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Creating Waves of Awareness

By Dr Guillermo Zamora


Every time we see a patient with this type of problem is very important to have a clear perception about of the expectations we may have with our patient. Homeopathy and surgical procedures can offer a window of hope. The following are some criteria of assessment that should be used.


1.-Initial assessment.
A-Airway, ventilation, circulation must be evaluated in all patients with impaired consciousness or if the trauma is therefore important. Head injuries can cause severe hypoventilation wich raises intracranial pressure. Systemic hypotension secondary brain injury caused by ischemia. Avoid nasal intubation in patients with facial fractures.

B-It should be performed cervical spine radiographs in all patients and immobilize the neck until we have ruled out the presence of fractures or dislocations at this level.

C. "In the history it should be recorded the chronology of all symptoms, especially loss of consciousness, the existence of a lucid period (which will make us to suspect a growing hematoma) and amnesia (which is related to the intensity the coup).

D. "In the general physical examination is necessary to ascertain whether the patient's vital constants are stable. It should be investigated if there are puncture wounds or other significant trauma.

E.-The neurological examination must evaluates the level of consciousness and the score on the Glasgow coma scale, focal deficits and signs of herniation, exploration has to be repeated at frequent intervals to document any progression that occurs in neurological deficits.

It is very important also assess if there is no bleeding through the nose or ears to rule out fracture of the skull base.


GLASGOW COMA SCALE
OPEN THE EYES:
spontaneously ....... 4 POINTS
Verbal Order ........ 3
Pain stimulus........ 2
No answer........... 1



MOTOR RESPONSE:
Obey orders .............................. 6
Localizes painful stimuli ................ 5
He/she retired from the painful stimulus…….…....4
Abnormal flexion limbs (decortication) ... ....….. 3
Abnormal extension limbs (decerebration )........ 2
No response………………............................. .. 1



VERBAL RESPONSE:
Oriented ......................................... 5
Confused ......................................... 4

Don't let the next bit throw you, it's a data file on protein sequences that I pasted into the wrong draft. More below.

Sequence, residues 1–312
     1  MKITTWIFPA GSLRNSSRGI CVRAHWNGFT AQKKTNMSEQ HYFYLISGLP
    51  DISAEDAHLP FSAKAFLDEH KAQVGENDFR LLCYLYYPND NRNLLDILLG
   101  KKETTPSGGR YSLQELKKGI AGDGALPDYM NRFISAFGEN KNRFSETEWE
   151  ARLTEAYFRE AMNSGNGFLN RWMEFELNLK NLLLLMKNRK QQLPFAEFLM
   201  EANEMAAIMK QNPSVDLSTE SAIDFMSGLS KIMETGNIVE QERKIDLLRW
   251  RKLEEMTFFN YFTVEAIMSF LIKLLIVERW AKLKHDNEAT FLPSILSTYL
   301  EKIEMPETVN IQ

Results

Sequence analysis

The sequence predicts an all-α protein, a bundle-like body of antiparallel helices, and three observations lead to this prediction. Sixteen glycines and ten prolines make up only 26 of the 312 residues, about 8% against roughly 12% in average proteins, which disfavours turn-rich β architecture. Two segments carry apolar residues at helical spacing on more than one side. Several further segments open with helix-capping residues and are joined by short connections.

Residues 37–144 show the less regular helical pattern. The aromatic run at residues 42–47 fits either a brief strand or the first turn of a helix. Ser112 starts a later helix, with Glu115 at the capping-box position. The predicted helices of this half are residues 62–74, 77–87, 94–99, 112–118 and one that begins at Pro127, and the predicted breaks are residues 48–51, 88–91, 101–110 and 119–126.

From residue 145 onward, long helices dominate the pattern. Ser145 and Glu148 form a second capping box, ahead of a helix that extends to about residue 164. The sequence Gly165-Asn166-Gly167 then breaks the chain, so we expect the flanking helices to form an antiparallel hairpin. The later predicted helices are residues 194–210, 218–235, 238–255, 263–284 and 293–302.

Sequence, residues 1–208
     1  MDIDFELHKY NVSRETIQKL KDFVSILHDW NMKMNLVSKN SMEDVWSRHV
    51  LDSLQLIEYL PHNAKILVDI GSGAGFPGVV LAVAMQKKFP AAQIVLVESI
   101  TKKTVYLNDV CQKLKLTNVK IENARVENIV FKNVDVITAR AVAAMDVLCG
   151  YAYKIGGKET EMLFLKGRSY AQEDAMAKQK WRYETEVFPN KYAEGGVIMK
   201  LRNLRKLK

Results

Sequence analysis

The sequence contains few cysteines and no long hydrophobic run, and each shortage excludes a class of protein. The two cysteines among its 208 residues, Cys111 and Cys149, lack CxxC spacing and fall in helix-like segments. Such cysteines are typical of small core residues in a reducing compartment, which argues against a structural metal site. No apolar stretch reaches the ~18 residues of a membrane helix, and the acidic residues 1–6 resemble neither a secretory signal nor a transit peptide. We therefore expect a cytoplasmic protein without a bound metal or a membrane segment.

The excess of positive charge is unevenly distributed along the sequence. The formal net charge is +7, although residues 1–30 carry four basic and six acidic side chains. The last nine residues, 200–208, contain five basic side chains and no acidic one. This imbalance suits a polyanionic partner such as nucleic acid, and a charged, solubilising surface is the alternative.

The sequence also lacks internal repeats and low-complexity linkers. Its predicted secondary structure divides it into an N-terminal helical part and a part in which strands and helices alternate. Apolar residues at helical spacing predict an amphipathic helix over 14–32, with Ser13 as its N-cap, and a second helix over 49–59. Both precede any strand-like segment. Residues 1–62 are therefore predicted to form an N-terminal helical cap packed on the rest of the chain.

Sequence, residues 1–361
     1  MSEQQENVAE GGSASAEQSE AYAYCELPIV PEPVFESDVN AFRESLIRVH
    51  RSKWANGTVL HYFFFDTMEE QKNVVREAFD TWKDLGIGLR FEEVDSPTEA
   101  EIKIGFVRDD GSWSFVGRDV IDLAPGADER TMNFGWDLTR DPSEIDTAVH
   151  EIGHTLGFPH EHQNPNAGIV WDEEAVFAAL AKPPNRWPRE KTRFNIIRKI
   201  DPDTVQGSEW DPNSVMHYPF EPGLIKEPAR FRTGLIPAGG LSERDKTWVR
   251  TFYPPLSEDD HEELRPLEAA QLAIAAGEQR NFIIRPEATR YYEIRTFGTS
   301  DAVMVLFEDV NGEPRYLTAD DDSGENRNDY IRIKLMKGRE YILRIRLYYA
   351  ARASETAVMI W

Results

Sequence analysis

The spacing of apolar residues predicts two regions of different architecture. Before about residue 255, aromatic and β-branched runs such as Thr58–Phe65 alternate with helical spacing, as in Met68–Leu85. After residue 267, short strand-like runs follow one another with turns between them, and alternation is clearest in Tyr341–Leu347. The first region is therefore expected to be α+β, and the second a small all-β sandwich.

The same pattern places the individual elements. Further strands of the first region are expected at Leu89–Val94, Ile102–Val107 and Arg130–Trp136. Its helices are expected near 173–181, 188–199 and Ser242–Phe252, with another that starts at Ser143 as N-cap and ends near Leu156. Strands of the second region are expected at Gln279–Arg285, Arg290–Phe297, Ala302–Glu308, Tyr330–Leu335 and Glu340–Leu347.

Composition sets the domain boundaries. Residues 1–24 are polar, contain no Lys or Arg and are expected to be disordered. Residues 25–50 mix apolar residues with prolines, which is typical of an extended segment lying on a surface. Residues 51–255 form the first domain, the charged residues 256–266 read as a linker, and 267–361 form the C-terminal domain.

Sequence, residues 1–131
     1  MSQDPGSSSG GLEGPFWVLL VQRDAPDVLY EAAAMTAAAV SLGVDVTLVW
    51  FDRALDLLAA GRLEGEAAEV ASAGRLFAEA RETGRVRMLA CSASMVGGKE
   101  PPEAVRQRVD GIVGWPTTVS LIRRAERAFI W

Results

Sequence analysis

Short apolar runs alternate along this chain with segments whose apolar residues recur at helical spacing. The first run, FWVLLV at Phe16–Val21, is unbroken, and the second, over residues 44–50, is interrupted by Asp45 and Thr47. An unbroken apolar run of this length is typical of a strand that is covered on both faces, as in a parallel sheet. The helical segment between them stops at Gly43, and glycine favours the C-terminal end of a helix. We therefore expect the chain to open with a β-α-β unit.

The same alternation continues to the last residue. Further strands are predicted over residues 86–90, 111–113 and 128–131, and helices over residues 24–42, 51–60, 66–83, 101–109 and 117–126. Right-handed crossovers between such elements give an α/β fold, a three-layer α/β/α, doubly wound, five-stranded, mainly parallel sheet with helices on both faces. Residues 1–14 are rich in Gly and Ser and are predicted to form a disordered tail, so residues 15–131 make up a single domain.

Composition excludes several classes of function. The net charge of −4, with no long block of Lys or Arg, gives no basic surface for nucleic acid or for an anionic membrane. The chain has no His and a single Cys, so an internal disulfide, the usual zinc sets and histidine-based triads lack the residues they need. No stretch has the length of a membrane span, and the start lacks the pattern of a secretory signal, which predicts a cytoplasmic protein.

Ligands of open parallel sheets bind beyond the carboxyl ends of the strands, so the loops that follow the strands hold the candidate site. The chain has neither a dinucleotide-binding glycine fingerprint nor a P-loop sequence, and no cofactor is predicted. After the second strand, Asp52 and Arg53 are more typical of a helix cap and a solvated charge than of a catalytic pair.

Inappropriate words……................ 3
Incomprehensible sounds .............. 2
No response............................. 1


MODIFIED GLASGOW IN CHILDREN

Glasgow for children it is modified only in the step of “Verbal response”. The steps of “Open eyes” and “Motor response” must be considered as in the adult level as well.


• VERBAL RESPONSE:
Social Smile...................................... 5
Consoling cry ................................... 4
Irritated persistently……................... 3
Restless, agitated............................. 2
Quiet, silence ................................... 1



Treatment depends on the severity of brain injury


GRADE I: (mild)
• Temporary loss of state on alert, oriented, without neurological deficit, may have headache, nausea or vomiting.
GLASGOW 13-15 POINTS.


GRADE II .-(moderate)
• Transient loss of alertness, able to obey a simple command, may be alert but with focal neurological deficit like anisocoria, hemi paresis, aphasia, ETC. GLASGOW 9-12 POINTS


GRADE III .-(severe)
The patient has altered the state of consciousness LOC (Person-time-space) and he is not able to obey a simple command. He uses inappropriate language May have decerebrated posture.
GLASGOW <9

GRADE IV .-
• Brain Death
GLASGOW <6.

Although Glasgow Scale is not enough to establish if patient got Brain death, it must be completed with the following criteria:

Brain Death criteria (clinical and Radiographic):

1.-Unknown cause coma.

2.-Absolute security of non drug intoxication.

3.-Mydriatic pupils still without response.

4.-Absence of oculus-cephalic reflexes. (Turn the head 30 degrees, previous cleaning of auditory canal, later it is applied cold water into the conduct and is getting deviation ocular toward the side where is applied the water followed for quick nistagmus to opposite side.

5.-Absence of corneal reflex.

6.-Vestibular tests negative.

7.-Absence of respiratory automatism.

8.-No motor response.

9.-No myotatic reflex.

10.-The persistence of coma for minimum 6 hours.

11.-Lack of cerebral perfusion in carotid angiography.

12.-Lack of cerebral perfusion in computed tomography contrast.

13.-collapse of all Cisterns in the simple CT.

14.-EEG Isoectric.

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Replies to This Discussion

Dear GZ

In this context I could not resist myself from showing something out of my collection.
I think this post would not affect the seriousness of your discussion.

Hi Guillermo,
It's a dual reaction on me to this post; the first was sad, because my father died of cranial injury (base fractured), and I remebered how I learned to keep an objective diagnose without biassing it to our convenience or mental tranquility.
On the Other hand, Dr. Dutta made me laugh!Hahahaha.
I had the chance to read some of Tin Tin's adventures at elementary school.
Thank very much both. Now I will begin thinking how can homeopathy help a patient with cranial traumatism.
Good luck and take care, greetings from Mexico City,
MVZ Ignacio Cabrera

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